A theatrical narrative fusing movement, music, art and cinema written, directed, choreographed and with a special appearance by Debbie Allen, exploring violence and race relations with honesty and poignancy. Broadway performers, young hip-hop artists and members of the Debbie Allen Dance Academy participate in a work with original music by Stevie Wonder, James Ingram, Arturo Sandoval, and Rickey Minor. A Saturday, Oct. 29, post-performance panel discussion will be hosted by Whoopi Goldberg and feature Nicole Hockley from Sandy Hook Promise, filmmaker Lee Daniels, actress Phylicia Rashad, professor Michael Eric Dyson of Georgetown University, and Kayal Hicks of the Educational Fund to Stop Gun Violence. Performances are Thursday, Oct. 27, through Saturday, Oct. 29, at 8 p.m. Also Saturday, Oct. 29, and Sunday, Oct. 30, at 2 p.m. Kennedy Center Eisenhower Theater. Tickets are $29 to $109. Call 202-467-4600 or visit

Edwin Aparicio and his Flamenco Aparicio Dance Company kicks off the 12th annual festival with Salvador, a new piece tracing Aparicio's journey from war-torn El Salvador to his discovery of flamenco in the U.S. and becoming an internationally heralded flamenco ambassador. Aparicio curates the festival, which also includes a free daytime program Flamenco en Familia, with interactive demonstrations of the art form, on Saturday, Nov. 5, and performances by Francisco Hidalgo and Company and Madrid's Fundación Conservatorio Flamenco Casa Patas the weekend of Nov. 12. Flamenco Aparicio performs student matinees on Tuesday, Nov. 1, through Thursday, Nov. 3, at 10:30 a.m., with a press night and artist reception on Friday, Nov. 4, at 8 p.m. Festival runs weekends to Nov. 13. GALA Theatre at Tivoli Square, 3333 14th St. NW. Tickets are $25 for student matinee, $30 to $40 for full performance, or $60 for a discount festival ticket. Call 202-234-7174 or visit

In a co-production with the Dutch National Ballet, America's oldest ballet company performs Tony- and Olivier-winning choreographer Christopher Wheeldon's visually imaginative production of Cinderella, complete with puppets and an animated tree by the incomparable Basil Twist. Inspired by Brothers Grimm and Charles Perrault fairy tales, Wheeldon's ballet is a fairy tale for modern times, focused on an empowered heroine more in charge of her destiny -- without a meddling fairy godmother, pumpkin carriage or clock striking midnight. Set to a lesser-known score by Prokofiev as performed by the Kennedy Center Opera House Orchestra, the production features a libretto by Craig Lucas, sets and costumes by Julian Crouch, lighting by Natasha Katz, and projection design by Daniel Brodie. Remaining performances Thursday, Oct. 27, through Sunday, Oct. 30, at 7:30 p.m. and Saturday, Oct. 29, and Sunday, Oct. 30, at 1:30 p.m. Kennedy Center Opera House. Tickets are $29 to $139. Call 202-467-4600 or visit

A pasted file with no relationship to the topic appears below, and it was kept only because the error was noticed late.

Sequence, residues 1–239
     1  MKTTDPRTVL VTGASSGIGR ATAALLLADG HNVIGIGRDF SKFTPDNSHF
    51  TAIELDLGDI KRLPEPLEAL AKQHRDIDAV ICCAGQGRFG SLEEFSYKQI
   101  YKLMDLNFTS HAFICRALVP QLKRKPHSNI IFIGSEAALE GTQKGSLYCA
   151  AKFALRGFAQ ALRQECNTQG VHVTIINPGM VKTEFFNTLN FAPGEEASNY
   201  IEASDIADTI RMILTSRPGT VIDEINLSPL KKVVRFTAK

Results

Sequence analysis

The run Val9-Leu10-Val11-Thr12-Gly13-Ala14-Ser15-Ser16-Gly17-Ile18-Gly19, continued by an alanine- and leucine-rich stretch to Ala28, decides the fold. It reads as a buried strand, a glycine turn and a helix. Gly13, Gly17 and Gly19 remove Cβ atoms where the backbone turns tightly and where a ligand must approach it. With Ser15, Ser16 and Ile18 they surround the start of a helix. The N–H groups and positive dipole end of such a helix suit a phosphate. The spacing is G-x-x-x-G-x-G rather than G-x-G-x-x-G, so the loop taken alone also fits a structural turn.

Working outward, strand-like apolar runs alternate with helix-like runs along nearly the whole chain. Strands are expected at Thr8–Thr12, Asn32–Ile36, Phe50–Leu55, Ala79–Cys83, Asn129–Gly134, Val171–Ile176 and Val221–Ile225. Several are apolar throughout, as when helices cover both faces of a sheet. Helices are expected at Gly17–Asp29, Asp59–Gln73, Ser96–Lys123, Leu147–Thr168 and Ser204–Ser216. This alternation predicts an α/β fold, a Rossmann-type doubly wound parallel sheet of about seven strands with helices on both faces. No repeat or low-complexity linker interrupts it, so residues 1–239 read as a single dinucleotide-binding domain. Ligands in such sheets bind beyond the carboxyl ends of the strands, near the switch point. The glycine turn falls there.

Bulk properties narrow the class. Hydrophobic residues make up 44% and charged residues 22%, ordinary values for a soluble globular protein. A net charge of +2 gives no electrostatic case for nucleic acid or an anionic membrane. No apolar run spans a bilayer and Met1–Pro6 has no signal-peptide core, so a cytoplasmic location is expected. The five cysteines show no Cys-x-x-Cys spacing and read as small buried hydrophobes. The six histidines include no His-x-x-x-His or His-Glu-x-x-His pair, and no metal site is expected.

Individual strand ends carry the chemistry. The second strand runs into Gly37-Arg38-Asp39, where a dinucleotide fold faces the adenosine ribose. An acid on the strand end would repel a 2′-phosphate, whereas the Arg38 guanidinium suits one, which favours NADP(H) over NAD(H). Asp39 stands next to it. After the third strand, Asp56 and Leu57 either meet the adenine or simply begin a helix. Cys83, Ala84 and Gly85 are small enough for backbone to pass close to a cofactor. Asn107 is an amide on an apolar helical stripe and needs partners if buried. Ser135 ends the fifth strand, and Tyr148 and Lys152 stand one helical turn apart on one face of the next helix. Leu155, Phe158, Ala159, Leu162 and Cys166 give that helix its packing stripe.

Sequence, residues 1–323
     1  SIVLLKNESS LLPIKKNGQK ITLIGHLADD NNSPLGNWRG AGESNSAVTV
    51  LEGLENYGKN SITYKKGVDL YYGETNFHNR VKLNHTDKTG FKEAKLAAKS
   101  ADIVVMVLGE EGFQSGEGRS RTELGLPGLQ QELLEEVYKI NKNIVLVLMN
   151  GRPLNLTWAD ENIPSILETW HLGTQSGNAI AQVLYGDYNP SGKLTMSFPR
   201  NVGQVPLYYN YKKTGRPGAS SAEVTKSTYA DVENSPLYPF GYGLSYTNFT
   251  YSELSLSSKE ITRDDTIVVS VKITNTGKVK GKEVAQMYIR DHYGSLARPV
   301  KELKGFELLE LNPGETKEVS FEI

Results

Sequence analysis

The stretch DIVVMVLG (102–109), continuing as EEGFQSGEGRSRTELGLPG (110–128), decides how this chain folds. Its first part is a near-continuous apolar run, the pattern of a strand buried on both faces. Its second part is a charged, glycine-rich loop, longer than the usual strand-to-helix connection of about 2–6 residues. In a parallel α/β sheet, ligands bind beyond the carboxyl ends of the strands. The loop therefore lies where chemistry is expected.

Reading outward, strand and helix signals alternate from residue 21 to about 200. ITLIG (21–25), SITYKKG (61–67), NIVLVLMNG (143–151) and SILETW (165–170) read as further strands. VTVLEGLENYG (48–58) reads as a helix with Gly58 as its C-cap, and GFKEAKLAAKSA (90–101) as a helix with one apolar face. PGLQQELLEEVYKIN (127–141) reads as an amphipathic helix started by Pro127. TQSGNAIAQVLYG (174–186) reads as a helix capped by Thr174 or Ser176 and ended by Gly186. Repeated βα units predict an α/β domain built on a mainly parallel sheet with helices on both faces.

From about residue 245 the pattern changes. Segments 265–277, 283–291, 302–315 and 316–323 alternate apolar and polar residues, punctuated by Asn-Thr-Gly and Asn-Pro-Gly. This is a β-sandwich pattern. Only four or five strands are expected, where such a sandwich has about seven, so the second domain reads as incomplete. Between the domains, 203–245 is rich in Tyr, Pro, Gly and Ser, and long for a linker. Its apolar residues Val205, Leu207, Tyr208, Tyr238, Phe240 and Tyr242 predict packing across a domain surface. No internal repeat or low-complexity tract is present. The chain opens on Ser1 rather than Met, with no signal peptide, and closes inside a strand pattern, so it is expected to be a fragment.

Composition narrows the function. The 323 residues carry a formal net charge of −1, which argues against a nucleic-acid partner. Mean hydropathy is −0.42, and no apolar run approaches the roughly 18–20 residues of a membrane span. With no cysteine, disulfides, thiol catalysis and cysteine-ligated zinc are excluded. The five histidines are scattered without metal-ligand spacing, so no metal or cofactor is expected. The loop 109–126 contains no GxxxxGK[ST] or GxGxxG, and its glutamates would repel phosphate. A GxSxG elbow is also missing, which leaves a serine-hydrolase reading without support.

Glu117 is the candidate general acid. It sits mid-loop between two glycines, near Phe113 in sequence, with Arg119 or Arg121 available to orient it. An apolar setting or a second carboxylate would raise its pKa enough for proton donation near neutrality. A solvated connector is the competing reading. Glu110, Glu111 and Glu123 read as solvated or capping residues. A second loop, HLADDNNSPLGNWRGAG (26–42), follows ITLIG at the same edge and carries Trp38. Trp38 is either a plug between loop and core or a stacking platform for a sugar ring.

One of Comedy Central's "Comics to Watch," Harrison Greenbaum has appeared as a comedian and comic writer on every network from MTV to NBC's Last Comic Standing. He stops for a free Millennium Stage performance as part of the Comedy at the Kennedy Center series. Sunday, Nov. 6, at 6 p.m. Kennedy Center Terrace Gallery. Tickets are free, up to two per person, and distributed in the States Gallery at approximately 5 p.m. Call 202-467-4600 or visit

No two performances by the Washington Improv Theater are alike and in this satire of the presidential election process, the audience picks the candidates and influences the story, including scandals and shockers, of the next president. It's a tale that the Washington Improv Theatre promises to be "as unpredictable as the 2016 election cycle." To Nov. 6. Source, 1835 14th St. NW. Tickets $15 in advance, or $20 at the door. Call 202-204-7760 or visit

Lesbian comedian Tig Notaro curates the annual four-day event, which she kicks off at the Lincoln Theatre on Thursday, Oct. 27, with a show featuring her friends including Aparna Nancherla and Lizzy Cooperman. In addition to a run of shows all weekend by Jon Dore at Drafthouse Comedy, the festival continues Friday, Oct. 28, with Pound It! at the Lincoln featuring Bridget Everett, Michael Ian Black, Melissa Villasenor, and Jason Weems, as well as stand-up from Baron Vaughn and a free Picture This show with Brandie Posey and Sam Varela, both at the Kennedy Center. On Saturday, Oct. 29, Sixth and I hosts Mock The Vote: Pre-Election Comedy Showcase with Lee Camp, Leah Bonnema, Brian Parise and Andrew Knox, while the Lincoln features Stuff You Should Know Live! with Chuck Bryant and Josh Clark, followed by a Halloween/Election Nightmare Comedy Show. DC Improv also hosts two events Saturday: the Last Podcast on the Left Halloween Bentzen Ball Edition, and a one-hour stand-up taping of John F. O'Donnell directed by Fugazi's Brendan Canty, with Dave Hill and host Amber Nelson. The festival's final day offers a UHF Live Commentary show at the Lincoln featuring "Weird Al" Yankovic, Malcolm Gladwell, Dave Hill and Emo Phillips, concluding with a Horror Show-themed Story District event with storytellers sharing "true stories about ghosts, devils and things that go bump in the night." Visit for tickets and more information.